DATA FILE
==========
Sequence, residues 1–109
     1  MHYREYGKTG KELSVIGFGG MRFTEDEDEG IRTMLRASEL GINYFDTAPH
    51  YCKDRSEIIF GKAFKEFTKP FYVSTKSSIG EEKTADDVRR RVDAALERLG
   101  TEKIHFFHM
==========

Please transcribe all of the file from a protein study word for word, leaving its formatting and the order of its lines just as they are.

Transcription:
Sequence, residues 1–109
     1  MHYREYGKTG KELSVIGFGG MRFTEDEDEG IRTMLRASEL GINYFDTAPH
    51  YCKDRSEIIF GKAFKEFTKP FYVSTKSSIG EEKTADDVRR RVDAALERLG
   101  TEKIHFFHM